63 million Indians are pushed into poverty by health expenses each year—and drugs are the chief cause

4 Jun 2016
Author: Jordan Levinson

 

Each year, some 150 million people worldwide face financial catastrophe due to spending on health—and according to a 2010 study, more than one third of them live in India.1,2The number of Indians falling below the poverty line (BPL) due to health spending may run as high as 63 million people: almost 7% of the nation’s population.2This total is on the rise: the Indian Ministry of Health reported that 18% of households faced catastrophic health costs in 2011-12, as compared to 15% in 2004-5.3The vast majority of healthcare-related impoverishment takes place in rural areas, and occurs in the context of outpatient care.2,4

As a 2015 Government of India (GoI) report states, “incidence of catastrophic expenditure due to health care costs is growing and is now being estimated to be one of the major contributors to poverty. The drain on family incomes due to health care costs can neutralize the gains of income increases and every Government scheme aimed to reduce poverty.”3

Analysis of one national survey shows that poor people tend to spend the largest portion of their out-of-pocket (OOP) budget on purchasing drugs, and the least on inpatient treatment. Seventy-two percent of OOP expenditures (74% in rural areas, 67% in urban) are drug-related, vs. 30-35% on inpatient and outpatient care combined. In the poorest states, the proportion of drug sales is even higher.5

Researchers C.C. Garg and A.K. Karan found that in modeling schemes that remove household expenditure on drugs (which would be provided for by another payer), healthcare expenditures don’t affect the  number of families that fell BPL. In other words, in modeling schemes that provide free medicine, no one falls below the poverty line due to spending on health—a very different story than the current situation. The study team go as far as to claim that expenditure on drugs is “one of the major causes of impoverishment in India.”5Over-prescription and irrational use of drugs—by both practitioners and patients—undoubtedly play a role in the current situation.

Part of the root cause is low public investment in health. According to WHO, India ranks 184th out of 191 countries in terms of percent-of-GDP spending on health. At around $29 (PPP), Sri Lanka, China, and Thailand all invest three to four times more per capita. In addition, spending has stalled in the past two decades: from 1990-1991 it was .9%, only climbing to 1.2% of GDP in 2009-10.6The low provision of pro-poor services leads to an undue reliance on out-of-pocket financing for health. Currently, 85.9% of private healthcare is financed out-of-pocket—only Pakistan, Bhutan, Myanmar and Bangladesh have higher rates in South Asia.7

GoI has leveraged these funds into several highly ambitious insurance schemes, including Rashtriya Swasthya Bima Yojana (RSBY), which covers inpatient care for BPL families, the Employment State Insurance Scheme (ESIS) and Central Government Health Scheme (CGHS), which act as safety nets for Indians based on their employment, and Aam Aadmi Bima Yojana (AABY), which covers the landless poor.8

However, analysis by the GoI Planning Commission argues that programs are covering the wrong issues: the commission’s 2015 health policy plan reported that conditions falling under current universal coverage plans cover less than 10% of mortalities and 15% of morbidities, and that over 75% of communicable diseases are not part of existing programs. In addition, none of these universalizes the provision of drugs.3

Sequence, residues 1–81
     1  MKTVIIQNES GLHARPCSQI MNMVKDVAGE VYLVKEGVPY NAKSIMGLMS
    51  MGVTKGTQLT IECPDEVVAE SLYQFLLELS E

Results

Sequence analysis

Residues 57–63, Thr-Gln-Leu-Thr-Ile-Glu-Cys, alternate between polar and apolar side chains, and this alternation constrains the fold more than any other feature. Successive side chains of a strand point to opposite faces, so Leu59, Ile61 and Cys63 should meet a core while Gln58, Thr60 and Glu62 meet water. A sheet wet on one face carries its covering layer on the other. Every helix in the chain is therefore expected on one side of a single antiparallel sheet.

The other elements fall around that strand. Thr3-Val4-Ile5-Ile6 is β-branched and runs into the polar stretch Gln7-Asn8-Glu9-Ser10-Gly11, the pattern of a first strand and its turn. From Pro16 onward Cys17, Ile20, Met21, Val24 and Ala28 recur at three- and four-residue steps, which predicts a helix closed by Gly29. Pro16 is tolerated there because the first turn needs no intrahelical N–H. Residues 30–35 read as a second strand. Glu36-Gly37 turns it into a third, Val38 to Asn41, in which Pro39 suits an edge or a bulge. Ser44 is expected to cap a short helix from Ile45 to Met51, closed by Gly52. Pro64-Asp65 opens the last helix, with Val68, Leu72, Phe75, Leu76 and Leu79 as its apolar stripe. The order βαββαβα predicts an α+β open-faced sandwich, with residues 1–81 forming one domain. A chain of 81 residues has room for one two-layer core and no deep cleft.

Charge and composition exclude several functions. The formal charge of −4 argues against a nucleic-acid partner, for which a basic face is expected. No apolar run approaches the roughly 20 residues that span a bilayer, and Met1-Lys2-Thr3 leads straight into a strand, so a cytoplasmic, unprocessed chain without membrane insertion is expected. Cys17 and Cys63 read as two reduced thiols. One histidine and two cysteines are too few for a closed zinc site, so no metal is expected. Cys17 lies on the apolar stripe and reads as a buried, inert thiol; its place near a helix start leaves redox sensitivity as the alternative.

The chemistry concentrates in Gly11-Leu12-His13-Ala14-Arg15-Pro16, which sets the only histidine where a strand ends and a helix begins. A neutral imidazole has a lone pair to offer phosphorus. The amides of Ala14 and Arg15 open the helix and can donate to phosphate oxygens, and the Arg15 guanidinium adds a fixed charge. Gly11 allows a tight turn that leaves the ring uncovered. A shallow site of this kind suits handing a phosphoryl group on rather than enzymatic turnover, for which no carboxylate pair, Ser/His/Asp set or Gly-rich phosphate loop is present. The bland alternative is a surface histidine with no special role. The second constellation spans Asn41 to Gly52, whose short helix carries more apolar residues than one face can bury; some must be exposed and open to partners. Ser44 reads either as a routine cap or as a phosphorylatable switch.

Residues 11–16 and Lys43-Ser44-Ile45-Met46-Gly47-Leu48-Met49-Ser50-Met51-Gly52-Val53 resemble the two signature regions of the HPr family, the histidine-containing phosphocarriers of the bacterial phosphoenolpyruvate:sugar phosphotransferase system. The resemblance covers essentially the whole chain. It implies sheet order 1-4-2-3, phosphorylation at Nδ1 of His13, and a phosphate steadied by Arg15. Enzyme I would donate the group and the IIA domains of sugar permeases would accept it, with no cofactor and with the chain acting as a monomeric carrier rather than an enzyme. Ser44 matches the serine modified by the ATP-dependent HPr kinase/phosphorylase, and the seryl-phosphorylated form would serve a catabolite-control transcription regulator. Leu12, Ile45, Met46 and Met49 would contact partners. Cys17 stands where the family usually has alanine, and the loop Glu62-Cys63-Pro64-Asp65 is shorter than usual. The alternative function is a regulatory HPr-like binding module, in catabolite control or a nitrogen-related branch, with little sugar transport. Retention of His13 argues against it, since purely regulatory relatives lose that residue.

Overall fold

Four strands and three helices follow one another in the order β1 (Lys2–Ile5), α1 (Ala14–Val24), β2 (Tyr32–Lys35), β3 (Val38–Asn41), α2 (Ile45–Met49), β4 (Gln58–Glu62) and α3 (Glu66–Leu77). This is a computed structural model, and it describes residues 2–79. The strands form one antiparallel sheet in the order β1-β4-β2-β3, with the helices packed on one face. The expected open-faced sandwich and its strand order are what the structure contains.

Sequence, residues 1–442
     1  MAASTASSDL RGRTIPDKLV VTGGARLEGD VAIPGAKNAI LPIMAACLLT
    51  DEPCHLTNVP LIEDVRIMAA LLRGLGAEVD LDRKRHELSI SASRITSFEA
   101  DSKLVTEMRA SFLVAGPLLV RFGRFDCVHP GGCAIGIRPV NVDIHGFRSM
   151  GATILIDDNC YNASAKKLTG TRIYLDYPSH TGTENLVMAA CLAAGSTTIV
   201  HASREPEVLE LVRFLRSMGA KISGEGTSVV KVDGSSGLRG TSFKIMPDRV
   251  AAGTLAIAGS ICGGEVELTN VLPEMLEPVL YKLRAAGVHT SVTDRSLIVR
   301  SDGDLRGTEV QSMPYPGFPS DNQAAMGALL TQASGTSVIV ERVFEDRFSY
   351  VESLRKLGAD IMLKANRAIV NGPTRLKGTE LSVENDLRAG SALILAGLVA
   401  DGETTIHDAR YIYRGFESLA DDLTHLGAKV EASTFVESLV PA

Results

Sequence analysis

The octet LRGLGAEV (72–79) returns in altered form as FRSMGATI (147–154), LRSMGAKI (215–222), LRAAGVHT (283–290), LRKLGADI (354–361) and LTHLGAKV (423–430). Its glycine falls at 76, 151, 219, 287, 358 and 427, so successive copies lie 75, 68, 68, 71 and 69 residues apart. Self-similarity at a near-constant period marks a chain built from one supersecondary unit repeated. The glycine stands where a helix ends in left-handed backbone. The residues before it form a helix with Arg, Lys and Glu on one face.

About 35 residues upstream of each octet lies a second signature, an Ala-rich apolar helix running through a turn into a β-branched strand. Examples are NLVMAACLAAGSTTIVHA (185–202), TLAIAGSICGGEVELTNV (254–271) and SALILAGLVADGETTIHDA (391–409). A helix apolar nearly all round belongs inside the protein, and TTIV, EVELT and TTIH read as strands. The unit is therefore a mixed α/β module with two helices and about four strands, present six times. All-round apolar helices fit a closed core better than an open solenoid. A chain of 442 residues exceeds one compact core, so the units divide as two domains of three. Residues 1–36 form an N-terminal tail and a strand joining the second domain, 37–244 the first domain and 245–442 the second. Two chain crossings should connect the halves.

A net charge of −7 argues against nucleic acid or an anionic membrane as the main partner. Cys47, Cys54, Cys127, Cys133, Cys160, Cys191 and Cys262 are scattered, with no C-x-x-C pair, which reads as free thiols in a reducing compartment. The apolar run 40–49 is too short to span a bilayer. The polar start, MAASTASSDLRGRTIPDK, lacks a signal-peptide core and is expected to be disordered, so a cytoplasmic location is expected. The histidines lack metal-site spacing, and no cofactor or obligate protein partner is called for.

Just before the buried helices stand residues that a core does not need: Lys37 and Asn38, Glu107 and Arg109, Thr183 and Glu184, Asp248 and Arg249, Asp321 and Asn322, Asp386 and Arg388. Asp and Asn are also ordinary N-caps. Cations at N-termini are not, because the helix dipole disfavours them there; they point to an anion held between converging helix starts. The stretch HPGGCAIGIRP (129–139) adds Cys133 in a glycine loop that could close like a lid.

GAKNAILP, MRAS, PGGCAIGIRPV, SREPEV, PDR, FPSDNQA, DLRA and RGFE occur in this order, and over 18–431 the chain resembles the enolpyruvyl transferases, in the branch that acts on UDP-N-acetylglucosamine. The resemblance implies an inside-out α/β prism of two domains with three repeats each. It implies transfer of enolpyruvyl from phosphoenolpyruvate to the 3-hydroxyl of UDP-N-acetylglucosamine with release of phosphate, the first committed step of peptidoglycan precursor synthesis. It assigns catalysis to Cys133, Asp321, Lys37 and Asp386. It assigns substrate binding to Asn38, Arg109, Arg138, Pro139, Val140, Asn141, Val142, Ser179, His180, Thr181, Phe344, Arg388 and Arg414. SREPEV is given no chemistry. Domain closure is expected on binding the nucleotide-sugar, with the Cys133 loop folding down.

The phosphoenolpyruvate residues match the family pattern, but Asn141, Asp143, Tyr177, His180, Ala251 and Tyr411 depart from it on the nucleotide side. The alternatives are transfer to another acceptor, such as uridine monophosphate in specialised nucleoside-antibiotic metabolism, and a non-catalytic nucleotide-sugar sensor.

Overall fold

In tandem with improved drug provision, bolstering drug stewardship is an important way forward. Reducing over-prescription—especially of antimicrobials—via facility-based stewardship programs is already known to improve patient outcomes and be a useful strategy in combatting drug resistance,9but it could also have the considerable benefit of reducing overall burden of healthcare costs on the poor.

Though often discussed with respect to growing drug resistance, the issue of rationalizing drug use has an increasingly staunch pro-poverty tenet that merits further analysis as a driver of healthcare-related impoverishment. GoI’s 2015 policy makes its mission clear with respect to drug reform, health-related impoverishment and an overall rights-based approach: the 2015 plan vows “to break the deadlock and this vacillation and move forwards with determination.”3Improvements on the ground will be complex and hard-won—and only time will tell whether they prove successful.

Jordan Levinson is a CDDEP Senior Research Analyst. 
 
1. Shahrawat, R. & Rao, K. D. Insured yet vulnerable: out-of-pocket payments and India’s poor. Health Policy Plan. 1–9 (2011). doi:10.1093/heapol/czr029
2. Berman, P., Ahuja, R. & Bhandari, L. The impoverishing effect of healthcare payments in India: new methodology and findings. Econ. Polit. Wkly. 45, 65–71 (2010).
3. Ministry of Health & Family Welfare. National Health Policy 2015 Draft. (Government of India, 2014).
4. Van Doorslaer, E. et al. Catastrophic payments for health care in Asia. Health Econ. 16, 1159–1184 (2007).
5. Garg, C. C. & Karan, A. K. Reducing out-of-pocket expenditures to reduce poverty: a disaggregated analysis at rural-urban and state level in India. Health Policy Plan. 24, 116–128 (2009).
6. Rao, M. G. & Choudhury, M. Health Care Financing Reforms in India. (National Institute of Public Finance and Policy, 2012).
7. WHO. Out-of-pocket expenditure on health as a percentage of private expenditure on health (US$). Available at: http://www.who.int/gho/health_financing/out_pocket_expenditure/en/. (Accessed: 4th February 2016)
8. National Health Portal. National Health Insurance Schemes.
9. Walia, K., Ohri, V. C. & Mathai, D. Antimicrobial stewardship programme (AMSP) practices in India. Indian J. Med. Res. 142, 130–138 (2015).